Blog posts from our network of grassroots activists and research academics
Over the past six months and despite undertaking demanding academic studies, a dedicated group of undergraduates at Oxford University formed a research panel and have undertaken extra work to study female genital mutilation (FGM). In this unique collaboration between the Oxford University branch of Lawyers Without Borders and 28 Too Many, students volunteered to join this project to educate themselves and others on the harm of FGM and how we can help end this practice.
“FGM isn’t something that’s isolated to one place or one group of people. It’s a wider feminist issue, a human issue, which needs to be addressed collectively.”
- Alice Denny
London Mayoral candidate Sophie Walker from Women’s Equality Party recently launched her manifesto of changes the party is pledging to make if it is voted in. One of pledges made by the party is to work in partnership with specialist BME women’s services to ensure cultural related violence, such as female genital mutilation, will never happen in London.
A first-generation Nigerian filmmaker Solomon Onita Jr. in his most recent short film, Joy, explores the cultural clashes of a Nigerian family living in the United States. In the film, he tells the story of a woman who is trying to convince her husband not to circumcise their ten years old daughter, poetically named Joy. It tells the story of a women's struggle to protect her daughter from the harm of FGM whilst being true to her cultural heritage.
In a recent The Guardian article, 28 Too Many’s researcher Gemma Locke suggests that ending female genital mutilation in Mali must be a Malian-led initiative. She said: “It has to be Malian to Malian, that has to be within the community, within the family, and beyond… ownership has to be with indigenous people, because if it’s not owned, it won’t keep. It’s not going to be sustainable.”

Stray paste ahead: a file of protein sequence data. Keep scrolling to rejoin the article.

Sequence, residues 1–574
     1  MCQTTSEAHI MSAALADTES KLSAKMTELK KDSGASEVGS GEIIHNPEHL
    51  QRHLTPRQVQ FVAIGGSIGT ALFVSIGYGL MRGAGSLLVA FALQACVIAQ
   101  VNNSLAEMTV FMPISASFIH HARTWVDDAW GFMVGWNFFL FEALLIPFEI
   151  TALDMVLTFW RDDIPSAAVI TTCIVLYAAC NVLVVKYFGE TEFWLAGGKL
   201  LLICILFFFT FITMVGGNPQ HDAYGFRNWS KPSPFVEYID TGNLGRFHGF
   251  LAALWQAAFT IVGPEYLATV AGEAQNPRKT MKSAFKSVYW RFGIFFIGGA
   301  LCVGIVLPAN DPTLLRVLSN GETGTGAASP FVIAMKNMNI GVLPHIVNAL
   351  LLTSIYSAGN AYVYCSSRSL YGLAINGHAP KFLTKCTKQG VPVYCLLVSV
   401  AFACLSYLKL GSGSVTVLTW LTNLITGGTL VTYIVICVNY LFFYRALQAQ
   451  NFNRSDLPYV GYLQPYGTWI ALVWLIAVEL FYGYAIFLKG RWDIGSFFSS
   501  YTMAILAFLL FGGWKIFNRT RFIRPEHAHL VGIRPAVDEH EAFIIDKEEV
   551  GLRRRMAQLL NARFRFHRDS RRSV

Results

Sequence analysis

An update on recent news, events and progress in the global movement to end FGM by 28 Too Many volunteer Anna Sørensen. Former midwife Kubra Magennis and a mother of two from the Dawoodi Bohra community have each been sentenced to 15 months in prison. They were found guilty in November of carrying out female genital mutilation on the two daughters of the unnamed mother.
The recent developments in the fight against FGM in The Gambia have been very encouraging. A guest blog by campaigner Andrew Mendy reflecting on progress in the fight against FGM in The Gambia and what further action is needed.
An update on some of this week's news and events in the campaign to end FGM by 28 Too Many volunteer Anna Sørensen.
“When I learned the truth about the danger, lifelong health complications, the pain women go through having the practice done, and even death, I realised I couldn’t let this happen to another girl again.”
- Gift Augustine